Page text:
"Stepping Up to Shalom" at National Summit
November 19, 2009
By the Rev. Dr. Michael J. Christensen
Nov. 9, 2009 | COLUMBIA, SC - Twenty-six states were represented among the 275 people who took part in the Eighth National Summit of the Communities of Shalom, a faith-based movement promoting community development and justice, which met in Columbia, South Carolina, in the closing days of October.
This number was in addition to some 400 "hits" from people who tuned in to all or some of the sessions that were broadcast on the Internet. Viewers of the webcast participated in the Summit through two social networks, Facebook and Twitter.
If the purpose of a summit is to bring together representatives from a national network for a time of community sharing, inspiration, team building, and training, then the October 27-29 event achieved its purpose. The theme was "Stepping up to Shalom: Seeking Systemic Change Through Community Development." It was sponsored by Drew University and the General Board of Global Ministries.
Communities of Shalom currently has some 100 sites in the United States and Africa. Its work is geared to local community assets and needs. Shalom communities address issues such as poverty, health, housing, environmental education, micro-enterprise, and legal services for immigrants. The program is especially strong (with 30 sites) in the South Carolina Annual Conference of The United Methodist Church, which served as host for the Summit.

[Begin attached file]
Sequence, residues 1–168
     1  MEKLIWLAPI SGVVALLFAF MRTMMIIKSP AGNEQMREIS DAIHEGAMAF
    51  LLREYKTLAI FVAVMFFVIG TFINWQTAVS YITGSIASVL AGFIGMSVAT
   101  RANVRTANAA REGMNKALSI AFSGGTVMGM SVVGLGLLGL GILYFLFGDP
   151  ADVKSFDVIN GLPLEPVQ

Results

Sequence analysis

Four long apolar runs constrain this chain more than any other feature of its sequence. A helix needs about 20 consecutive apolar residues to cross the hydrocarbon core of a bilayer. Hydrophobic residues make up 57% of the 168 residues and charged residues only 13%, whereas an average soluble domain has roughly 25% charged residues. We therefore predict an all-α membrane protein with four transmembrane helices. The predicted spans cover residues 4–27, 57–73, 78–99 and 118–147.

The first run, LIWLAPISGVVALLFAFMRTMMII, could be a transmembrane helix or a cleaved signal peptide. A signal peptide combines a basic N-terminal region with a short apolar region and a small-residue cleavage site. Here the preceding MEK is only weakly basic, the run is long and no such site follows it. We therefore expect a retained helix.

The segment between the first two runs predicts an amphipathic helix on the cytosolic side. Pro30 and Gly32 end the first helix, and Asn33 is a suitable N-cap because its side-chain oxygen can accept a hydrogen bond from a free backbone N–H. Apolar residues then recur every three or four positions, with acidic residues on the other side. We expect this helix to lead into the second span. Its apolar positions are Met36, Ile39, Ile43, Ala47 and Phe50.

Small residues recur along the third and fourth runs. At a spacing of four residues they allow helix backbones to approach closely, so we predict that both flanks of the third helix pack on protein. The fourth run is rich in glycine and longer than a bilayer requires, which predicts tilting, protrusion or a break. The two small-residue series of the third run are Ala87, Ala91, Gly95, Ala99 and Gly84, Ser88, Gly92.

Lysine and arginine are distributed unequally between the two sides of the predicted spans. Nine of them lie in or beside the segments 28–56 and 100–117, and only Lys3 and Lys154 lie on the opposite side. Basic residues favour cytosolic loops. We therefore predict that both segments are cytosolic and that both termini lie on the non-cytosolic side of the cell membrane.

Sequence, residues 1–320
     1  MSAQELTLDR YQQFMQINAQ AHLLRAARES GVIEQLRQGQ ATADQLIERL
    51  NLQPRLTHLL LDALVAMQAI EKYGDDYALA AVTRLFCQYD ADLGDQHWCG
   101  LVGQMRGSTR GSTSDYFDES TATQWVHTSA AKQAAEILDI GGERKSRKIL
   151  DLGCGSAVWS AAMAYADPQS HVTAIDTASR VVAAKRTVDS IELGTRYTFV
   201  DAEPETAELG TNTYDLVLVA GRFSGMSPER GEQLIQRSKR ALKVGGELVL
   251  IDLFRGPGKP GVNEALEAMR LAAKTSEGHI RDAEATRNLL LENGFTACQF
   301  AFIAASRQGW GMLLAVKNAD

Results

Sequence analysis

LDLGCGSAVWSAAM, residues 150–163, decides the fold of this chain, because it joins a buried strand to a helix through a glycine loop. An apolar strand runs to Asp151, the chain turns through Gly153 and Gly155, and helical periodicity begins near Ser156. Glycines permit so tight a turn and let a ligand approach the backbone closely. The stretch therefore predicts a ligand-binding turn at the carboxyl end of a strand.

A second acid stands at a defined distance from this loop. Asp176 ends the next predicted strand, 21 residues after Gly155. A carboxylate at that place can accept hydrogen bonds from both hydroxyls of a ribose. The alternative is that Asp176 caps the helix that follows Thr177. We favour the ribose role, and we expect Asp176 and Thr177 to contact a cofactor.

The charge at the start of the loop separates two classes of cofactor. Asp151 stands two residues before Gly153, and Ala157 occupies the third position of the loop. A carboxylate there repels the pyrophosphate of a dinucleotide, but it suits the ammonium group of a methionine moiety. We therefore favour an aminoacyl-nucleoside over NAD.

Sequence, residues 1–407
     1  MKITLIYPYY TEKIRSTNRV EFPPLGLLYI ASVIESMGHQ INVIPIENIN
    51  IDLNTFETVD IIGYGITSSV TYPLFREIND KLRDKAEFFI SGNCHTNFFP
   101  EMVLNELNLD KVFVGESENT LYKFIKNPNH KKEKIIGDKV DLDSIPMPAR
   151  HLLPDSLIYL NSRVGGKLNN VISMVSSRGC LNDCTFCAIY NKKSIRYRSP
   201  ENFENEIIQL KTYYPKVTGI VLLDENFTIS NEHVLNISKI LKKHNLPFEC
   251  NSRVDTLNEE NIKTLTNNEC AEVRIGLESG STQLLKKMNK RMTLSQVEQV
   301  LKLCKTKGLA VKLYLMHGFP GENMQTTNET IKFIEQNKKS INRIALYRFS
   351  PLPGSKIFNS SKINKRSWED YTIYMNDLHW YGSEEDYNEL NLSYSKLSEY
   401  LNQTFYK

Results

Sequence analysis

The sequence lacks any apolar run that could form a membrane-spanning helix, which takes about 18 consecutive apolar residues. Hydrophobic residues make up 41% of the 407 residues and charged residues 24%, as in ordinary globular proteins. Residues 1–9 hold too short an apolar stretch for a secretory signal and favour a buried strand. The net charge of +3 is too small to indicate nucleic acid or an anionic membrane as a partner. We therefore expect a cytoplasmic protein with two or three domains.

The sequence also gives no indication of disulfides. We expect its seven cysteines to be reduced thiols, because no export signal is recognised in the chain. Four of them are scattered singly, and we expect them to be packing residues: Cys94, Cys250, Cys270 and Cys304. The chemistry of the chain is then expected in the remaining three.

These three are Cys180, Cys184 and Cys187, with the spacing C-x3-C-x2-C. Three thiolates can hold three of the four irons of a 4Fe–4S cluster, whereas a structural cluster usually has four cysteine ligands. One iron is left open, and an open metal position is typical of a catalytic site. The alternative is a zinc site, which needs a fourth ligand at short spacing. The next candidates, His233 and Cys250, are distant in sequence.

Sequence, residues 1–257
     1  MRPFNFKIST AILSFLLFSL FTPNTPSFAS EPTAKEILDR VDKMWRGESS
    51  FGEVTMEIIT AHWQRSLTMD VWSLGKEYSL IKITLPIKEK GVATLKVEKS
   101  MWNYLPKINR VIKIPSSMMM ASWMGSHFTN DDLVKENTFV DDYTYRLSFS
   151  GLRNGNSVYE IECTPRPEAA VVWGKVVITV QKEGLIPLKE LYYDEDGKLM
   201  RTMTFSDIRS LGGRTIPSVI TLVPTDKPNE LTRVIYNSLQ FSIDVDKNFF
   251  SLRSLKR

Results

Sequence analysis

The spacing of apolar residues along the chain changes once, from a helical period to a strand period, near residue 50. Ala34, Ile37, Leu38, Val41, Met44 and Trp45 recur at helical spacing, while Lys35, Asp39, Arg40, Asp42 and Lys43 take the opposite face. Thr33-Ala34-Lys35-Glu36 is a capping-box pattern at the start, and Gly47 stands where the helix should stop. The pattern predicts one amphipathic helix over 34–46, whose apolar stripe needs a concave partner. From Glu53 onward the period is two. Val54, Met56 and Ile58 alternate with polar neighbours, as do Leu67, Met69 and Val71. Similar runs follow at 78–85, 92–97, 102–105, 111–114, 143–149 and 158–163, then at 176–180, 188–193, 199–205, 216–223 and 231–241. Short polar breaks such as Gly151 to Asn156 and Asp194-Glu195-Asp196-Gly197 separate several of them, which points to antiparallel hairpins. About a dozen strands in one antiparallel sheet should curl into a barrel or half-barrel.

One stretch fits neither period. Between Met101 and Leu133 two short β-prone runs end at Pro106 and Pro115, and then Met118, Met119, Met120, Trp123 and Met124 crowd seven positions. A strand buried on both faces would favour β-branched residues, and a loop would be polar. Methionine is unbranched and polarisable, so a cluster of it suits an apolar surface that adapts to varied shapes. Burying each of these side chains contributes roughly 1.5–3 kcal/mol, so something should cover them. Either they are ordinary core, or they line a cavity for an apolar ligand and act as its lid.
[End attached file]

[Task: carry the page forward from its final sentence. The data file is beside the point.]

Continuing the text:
Seventy-one registrants were from South Carolina. The North Texas Annual Conference sent 26 Shalom team members, and Baltimore-Washington, 13. There were 16 persons from the state of Tennessee and 13 from California.* Programs of Global Ministries accounted for 72 participants: 30 from JustUsYouth, 15 from Community Developers, and 27 from ethnic and racial ministries (9 Hispanic/Latino, 8 African Americans, 6 Asian Americans, and 4 Native Americans).
United Methodist Roots, Ecumenical Scope
The initiative has United Methodist origins but is now ecumenical, or interfaith, in some communities. It was administered for 16 years by Global Ministries and, following a plan to find another institutional partner, is now based at the Theological School of Drew University in Madison, New Jersey.
Communities of Shalom - the name is taken from Jeremiah 29 - was initiated by the United Methodist General Conference of 1992, in response to urban conflict in Los Angeles following the acquittal of police officers who were caught on videotape beating motorist Rodney King. One objective was to bring peace to communities by addressing issues such as economic opportunity and race relations.
Four general sessions, two worship services, and a banquet were broadcast live online through the facilities of the General Board of Global Ministries, the mission agency of The United Methodist Church. The sessions focused on such themes as "stepping up" from social services to peace with justice, prophetic leadership, new Shalom Zone training units, and the use of web technology to develop Shalom's presence on the Internet.